Radioactive Material Leaks From Nuclear Plant in Japan

Water containing radioactive material has leaked at an experimental nuclear fuel reprocessing plant in northern Japan, but no radioactivity was released into the atmosphere and no one was exposed to radiation, the operator announced Wednesday.

About 10.5 gallons of water containing plutonium and other radioactive material leaked inside a compound at the plant in Rokkasho on Tuesday, said Yukio Takahashi, spokesman for Japan Nuclear Fuel Ltd. The accident was caused when a robotic arm mistakenly loosened a plug in a container filled with the water, he said.

"It happened inside an enclosed space and there's no danger outside the building," Takahashi said. "Today, it's back to business as usual."

The accident came less than two weeks after the reprocessing plant started test operations after being delayed by an earlier accident and strident public opposition.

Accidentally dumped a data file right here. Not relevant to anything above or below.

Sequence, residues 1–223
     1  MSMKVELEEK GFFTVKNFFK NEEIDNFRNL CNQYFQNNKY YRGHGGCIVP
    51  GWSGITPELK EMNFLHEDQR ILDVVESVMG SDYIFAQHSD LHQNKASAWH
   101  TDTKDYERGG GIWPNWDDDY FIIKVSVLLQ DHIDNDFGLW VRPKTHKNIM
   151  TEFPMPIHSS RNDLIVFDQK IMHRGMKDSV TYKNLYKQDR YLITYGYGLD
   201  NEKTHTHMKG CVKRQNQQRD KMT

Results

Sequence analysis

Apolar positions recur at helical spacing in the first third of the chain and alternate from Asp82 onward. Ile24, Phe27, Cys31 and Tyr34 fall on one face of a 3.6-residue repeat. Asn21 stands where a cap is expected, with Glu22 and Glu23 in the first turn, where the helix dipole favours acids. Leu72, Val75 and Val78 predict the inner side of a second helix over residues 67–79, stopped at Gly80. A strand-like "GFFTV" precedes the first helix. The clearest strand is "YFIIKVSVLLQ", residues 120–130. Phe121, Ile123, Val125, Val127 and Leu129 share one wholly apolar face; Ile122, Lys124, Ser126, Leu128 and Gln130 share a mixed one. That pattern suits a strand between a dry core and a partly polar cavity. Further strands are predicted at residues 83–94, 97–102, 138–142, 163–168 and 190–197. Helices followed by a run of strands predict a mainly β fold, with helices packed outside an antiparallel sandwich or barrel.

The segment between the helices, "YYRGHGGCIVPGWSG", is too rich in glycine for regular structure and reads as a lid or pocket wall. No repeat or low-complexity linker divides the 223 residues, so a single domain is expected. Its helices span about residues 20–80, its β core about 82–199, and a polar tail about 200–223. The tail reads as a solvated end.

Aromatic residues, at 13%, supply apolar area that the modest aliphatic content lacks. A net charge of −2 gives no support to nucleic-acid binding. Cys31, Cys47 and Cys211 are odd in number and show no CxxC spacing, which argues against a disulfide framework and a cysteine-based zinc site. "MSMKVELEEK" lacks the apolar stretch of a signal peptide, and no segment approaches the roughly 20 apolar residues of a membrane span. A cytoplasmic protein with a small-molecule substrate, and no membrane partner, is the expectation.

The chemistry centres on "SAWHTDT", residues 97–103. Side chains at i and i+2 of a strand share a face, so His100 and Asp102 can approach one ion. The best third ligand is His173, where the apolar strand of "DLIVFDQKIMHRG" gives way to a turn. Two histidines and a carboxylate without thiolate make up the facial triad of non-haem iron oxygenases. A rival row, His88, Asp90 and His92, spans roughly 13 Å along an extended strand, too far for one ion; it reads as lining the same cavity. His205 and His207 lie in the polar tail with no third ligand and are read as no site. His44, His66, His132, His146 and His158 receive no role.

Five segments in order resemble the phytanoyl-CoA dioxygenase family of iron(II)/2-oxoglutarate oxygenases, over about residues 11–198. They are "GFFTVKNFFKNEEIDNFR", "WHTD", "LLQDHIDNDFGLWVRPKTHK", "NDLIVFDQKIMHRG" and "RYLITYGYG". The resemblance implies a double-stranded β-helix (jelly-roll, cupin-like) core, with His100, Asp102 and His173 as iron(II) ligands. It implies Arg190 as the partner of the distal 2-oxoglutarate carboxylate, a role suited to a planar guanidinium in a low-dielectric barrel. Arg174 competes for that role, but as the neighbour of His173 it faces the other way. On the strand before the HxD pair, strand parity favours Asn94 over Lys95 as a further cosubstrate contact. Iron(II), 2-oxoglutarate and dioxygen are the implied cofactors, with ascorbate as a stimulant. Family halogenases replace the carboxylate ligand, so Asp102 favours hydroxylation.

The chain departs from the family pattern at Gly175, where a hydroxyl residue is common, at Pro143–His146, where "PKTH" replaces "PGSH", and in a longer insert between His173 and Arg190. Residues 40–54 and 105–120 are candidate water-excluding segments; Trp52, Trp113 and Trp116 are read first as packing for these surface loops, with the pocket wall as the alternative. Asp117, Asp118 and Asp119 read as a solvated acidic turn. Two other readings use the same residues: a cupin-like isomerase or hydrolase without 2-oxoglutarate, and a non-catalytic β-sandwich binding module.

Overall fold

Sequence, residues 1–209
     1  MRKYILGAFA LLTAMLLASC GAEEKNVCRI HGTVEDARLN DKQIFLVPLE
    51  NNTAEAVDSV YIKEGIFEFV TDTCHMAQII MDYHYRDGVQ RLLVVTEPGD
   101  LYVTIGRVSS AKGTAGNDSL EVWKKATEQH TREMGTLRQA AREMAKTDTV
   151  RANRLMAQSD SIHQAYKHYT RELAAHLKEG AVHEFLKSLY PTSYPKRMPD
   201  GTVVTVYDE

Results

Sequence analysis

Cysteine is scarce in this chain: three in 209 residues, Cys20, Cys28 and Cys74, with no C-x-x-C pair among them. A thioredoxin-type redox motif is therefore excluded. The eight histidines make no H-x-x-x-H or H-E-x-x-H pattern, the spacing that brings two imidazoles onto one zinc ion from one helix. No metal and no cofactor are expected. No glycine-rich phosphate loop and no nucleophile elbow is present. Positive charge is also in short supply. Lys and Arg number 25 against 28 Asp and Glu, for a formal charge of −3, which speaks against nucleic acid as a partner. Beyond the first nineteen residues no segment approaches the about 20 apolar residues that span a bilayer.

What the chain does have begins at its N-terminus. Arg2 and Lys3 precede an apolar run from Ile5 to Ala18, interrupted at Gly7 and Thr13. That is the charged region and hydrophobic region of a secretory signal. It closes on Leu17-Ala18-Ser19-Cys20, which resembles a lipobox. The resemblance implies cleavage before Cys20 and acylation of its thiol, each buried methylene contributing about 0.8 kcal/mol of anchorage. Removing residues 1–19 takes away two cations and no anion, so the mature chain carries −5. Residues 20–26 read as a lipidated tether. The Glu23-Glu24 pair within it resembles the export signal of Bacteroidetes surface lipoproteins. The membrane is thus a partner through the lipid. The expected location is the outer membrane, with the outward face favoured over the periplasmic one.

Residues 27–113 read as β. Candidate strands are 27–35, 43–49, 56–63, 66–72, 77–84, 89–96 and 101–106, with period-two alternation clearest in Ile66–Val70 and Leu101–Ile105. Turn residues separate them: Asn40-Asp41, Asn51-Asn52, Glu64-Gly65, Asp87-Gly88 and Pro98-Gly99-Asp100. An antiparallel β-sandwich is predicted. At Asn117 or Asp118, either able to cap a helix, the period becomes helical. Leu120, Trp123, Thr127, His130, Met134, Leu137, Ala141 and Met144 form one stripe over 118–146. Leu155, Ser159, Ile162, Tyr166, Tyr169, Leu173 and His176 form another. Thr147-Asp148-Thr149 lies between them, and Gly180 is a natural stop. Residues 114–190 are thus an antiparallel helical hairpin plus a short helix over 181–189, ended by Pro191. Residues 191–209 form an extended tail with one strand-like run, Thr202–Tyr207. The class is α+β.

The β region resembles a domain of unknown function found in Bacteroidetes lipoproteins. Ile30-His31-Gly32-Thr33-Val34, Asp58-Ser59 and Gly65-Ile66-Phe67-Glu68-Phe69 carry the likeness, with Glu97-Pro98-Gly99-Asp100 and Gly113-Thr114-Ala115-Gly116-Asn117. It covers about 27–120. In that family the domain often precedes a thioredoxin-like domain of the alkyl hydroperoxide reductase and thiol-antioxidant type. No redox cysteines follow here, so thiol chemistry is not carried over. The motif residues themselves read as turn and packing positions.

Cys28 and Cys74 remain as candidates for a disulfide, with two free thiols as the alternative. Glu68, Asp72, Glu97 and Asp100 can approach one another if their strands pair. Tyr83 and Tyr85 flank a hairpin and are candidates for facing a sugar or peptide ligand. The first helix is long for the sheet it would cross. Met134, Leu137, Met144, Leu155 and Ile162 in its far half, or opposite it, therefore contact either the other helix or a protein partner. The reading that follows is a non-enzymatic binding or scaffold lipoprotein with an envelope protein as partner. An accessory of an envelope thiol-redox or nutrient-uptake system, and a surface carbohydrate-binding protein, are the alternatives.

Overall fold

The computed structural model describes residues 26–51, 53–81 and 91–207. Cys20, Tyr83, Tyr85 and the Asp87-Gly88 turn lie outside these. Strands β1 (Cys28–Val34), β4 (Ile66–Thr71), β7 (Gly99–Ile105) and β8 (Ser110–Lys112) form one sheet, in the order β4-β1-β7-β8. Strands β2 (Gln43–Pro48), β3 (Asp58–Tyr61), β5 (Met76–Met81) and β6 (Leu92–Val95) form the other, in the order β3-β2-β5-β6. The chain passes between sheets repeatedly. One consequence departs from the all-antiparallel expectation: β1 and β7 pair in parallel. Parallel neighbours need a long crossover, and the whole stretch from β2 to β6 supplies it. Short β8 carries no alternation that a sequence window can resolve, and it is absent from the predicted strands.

The Rokkasho plant, 360 miles northeast of Tokyo, will eventually produce MOX fuel, a uranium-plutonium mixture. The fuel is central to Japan's plans to reduce its dependence on energy imports by building so-called fast-breeder reactors, which produce plutonium that can then be reused as fuel.

Japan's 52 active nuclear plants already supply more than a third of its energy, and the government has said it wants to raise that to nearly 40 percent by 2010.

The country's nuclear power industry, however, has been plagued by safety problems and shutdowns in recent years, including a 1999 reprocessing plant accident outside Tokyo that killed two workers and exposed hundreds to radioactivity.

In 2004, five workers were killed when a corroded pipe at a reactor in western Japan ruptured and sprayed plant workers with boiling water and steam in the country's worst-ever nuclear plant accident.